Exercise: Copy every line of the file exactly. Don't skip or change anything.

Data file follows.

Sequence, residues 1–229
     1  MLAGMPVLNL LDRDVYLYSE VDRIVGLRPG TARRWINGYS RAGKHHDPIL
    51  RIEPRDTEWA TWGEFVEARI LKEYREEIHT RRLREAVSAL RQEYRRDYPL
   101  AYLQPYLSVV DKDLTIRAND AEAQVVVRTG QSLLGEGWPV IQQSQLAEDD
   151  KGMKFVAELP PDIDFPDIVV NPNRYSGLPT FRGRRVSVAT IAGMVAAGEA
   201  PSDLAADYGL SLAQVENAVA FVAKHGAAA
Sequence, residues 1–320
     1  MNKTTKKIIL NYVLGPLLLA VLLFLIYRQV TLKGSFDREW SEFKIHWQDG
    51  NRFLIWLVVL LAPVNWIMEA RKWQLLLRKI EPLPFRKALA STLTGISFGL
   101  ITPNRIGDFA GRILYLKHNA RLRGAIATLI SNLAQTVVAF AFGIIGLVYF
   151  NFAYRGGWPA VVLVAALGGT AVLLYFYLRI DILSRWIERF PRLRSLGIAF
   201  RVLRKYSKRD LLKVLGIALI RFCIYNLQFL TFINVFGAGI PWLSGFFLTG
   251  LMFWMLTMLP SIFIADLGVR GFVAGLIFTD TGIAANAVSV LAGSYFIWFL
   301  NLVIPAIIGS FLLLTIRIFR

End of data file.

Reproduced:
Sequence, residues 1–229
     1  MLAGMPVLNL LDRDVYLYSE VDRIVGLRPG TARRWINGYS RAGKHHDPIL
    51  RIEPRDTEWA TWGEFVEARI LKEYREEIHT RRLREAVSAL RQEYRRDYPL
   101  AYLQPYLSVV DKDLTIRAND AEAQVVVRTG QSLLGEGWPV IQQSQLAEDD
   151  KGMKFVAELP PDIDFPDIVV NPNRYSGLPT FRGRRVSVAT IAGMVAAGEA
   201  PSDLAADYGL SLAQVENAVA FVAKHGAAA
Sequence, residues 1–320
     1  MNKTTKKIIL NYVLGPLLLA VLLFLIYRQV TLKGSFDREW SEFKIHWQDG
    51  NRFLIWLVVL LAPVNWIMEA RKWQLLLRKI EPLPFRKALA STLTGISFGL
   101  ITPNRIGDFA GRILYLKHNA RLRGAIATLI SNLAQTVVAF AFGIIGLVYF
   151  NFAYRGGWPA VVLVAALGGT AVLLYFYLRI DILSRWIERF PRLRSLGIAF
   201  RVLRKYSKRD LLKVLGIALI RFCIYNLQFL TFINVFGAGI PWLSGFFLTG
   251  LMFWMLTMLP SIFIADLGVR GFVAGLIFTD TGIAANAVSV LAGSYFIWFL
   301  NLVIPAIIGS FLLLTIRIFR